WORLD CUP '90 : COMMENTARY : By Rubbing Elbows With Pros, U.S. Team Can Be a Contender


The World Cup soccer extravaganza called Italia '90 is roaring toward its climax here to rapt international attention and a television audience on five continents measured in the billions.

A willing but unable American team, making the first United States Cup appearance in 40 years, has long since departed. The Americans, though, had the only team already qualified to play in the next edition of the world's most popular sports tournament. As host country of the 1994 World Cup, the United States qualifies automatically as one of the final 24 teams.

As Italy is discovering this summer, amid some travail but mostly triumph, the coveted Cup sponsor's role is a unique opportunity. More than just a sporting event and commercial bonanza, the 1994 World Cup will be a chance to offer a broad, revealing glimpse of the real America to an international audience weaned on Hollywood superficiality.

Success, directly involving the cream of American business and at least a dozen of the more than 30 cities vying to be 1994 game sites, ought to become a national commitment.

The ability of the United States to effectively stage the next Cup is unquestioned. The danger, though, is that the 1994 Cup will be technically perfect but artistically empty when the American team steps onto the field. There is every prospect, alas, that the United States again will be the doormat of Cup play.

As their performance here demonstrated, the Americans are a generation behind the rest of the world in competitive professional soccer. There is skill, and there is will among the young American players. But there is no way they can catch up in a country such as the United States without a professional league in which to hone and extend their talents.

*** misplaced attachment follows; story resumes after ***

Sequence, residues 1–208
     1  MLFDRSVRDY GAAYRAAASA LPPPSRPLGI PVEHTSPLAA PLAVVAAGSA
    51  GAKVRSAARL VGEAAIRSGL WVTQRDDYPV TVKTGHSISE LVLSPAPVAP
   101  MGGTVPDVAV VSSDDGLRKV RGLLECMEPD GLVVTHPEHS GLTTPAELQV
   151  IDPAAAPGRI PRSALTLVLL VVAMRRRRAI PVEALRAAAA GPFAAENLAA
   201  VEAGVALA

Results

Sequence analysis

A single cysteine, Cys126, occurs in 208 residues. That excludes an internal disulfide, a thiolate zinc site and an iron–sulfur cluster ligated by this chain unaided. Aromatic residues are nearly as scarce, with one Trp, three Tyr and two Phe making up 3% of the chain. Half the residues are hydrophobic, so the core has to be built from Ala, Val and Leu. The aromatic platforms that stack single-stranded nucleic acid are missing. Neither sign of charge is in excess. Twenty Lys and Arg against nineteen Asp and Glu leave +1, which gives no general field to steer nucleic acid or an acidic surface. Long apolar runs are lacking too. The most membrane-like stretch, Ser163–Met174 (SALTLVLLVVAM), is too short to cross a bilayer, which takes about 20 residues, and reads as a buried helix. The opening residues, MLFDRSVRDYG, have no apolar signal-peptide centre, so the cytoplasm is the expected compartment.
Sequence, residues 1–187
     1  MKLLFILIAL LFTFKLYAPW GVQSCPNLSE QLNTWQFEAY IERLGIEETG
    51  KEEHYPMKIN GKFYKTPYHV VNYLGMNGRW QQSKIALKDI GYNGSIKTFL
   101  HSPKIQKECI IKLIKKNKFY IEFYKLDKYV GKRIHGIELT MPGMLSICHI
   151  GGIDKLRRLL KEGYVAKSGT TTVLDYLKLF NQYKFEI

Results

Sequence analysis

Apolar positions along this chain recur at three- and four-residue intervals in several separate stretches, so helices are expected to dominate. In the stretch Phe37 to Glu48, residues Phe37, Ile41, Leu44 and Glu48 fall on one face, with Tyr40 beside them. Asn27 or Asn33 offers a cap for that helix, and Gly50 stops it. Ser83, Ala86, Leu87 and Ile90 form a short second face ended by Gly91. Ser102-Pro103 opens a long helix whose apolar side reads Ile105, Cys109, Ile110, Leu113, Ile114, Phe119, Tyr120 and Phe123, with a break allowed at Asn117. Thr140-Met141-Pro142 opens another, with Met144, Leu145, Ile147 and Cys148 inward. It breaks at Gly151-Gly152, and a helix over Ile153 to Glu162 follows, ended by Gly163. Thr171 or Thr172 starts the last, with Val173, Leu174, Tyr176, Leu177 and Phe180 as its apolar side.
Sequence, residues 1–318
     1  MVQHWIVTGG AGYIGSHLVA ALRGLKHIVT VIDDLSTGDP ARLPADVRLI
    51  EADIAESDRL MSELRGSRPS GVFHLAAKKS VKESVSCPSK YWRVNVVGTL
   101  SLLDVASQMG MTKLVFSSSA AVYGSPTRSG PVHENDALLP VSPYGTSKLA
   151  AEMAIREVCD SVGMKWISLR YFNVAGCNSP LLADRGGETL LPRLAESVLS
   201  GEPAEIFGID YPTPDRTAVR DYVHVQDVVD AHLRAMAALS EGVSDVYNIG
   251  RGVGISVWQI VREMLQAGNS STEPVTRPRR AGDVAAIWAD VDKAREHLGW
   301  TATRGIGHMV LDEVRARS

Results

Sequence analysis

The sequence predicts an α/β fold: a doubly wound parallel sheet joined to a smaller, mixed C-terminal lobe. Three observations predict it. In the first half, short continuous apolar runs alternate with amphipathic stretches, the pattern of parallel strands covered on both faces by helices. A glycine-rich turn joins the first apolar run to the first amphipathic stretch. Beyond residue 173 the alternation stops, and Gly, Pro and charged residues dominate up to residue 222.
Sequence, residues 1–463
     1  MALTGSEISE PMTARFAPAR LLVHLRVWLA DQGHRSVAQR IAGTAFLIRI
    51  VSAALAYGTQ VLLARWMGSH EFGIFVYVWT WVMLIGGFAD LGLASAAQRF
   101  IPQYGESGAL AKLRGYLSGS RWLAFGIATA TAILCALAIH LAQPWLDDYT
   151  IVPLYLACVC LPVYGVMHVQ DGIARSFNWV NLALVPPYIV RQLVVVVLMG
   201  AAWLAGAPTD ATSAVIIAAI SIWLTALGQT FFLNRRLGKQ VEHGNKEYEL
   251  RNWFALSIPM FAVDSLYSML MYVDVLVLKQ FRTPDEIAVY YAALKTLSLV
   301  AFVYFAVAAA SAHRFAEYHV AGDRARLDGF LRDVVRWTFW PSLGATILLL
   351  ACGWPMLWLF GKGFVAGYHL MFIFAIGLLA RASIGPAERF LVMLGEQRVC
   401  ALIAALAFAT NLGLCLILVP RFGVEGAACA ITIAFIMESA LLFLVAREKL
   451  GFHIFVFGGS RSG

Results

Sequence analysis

They have already gone about as far as the anemic structure of American professional soccer will allow. Even if--against all odds--a high-quality soccer league were to spring full blown in the United States tomorrow, there is no way it could be good enough soon enough to make the American team competitive in 1994.

It will take prompt initiative, more than a dash of audacity--and a little help from our friends--to avoid a sad-sack replay. But it can be done.

America's dedicated young players deserve a chance to show us, themselves, and the world in 1994, how good they could become.

If there is nowhere for young Americans to grow at home, then Mohammed must go to the mountain.

Two mountains, in fact, both soccer-tall, both friendly, both with a lot to teach.

One is Italy, the other is Brazil.

They play some of the world's best soccer, as different as samba and opera in their purest forms, but winsome in either.

They are also special friends of the United States of whom we could unabashedly ask a favor in our interest, and theirs. Both are bound to be major characters in the USA '94, both are likely to be pleased by the compliment implied by the request, and the pride of authorship of its potential result.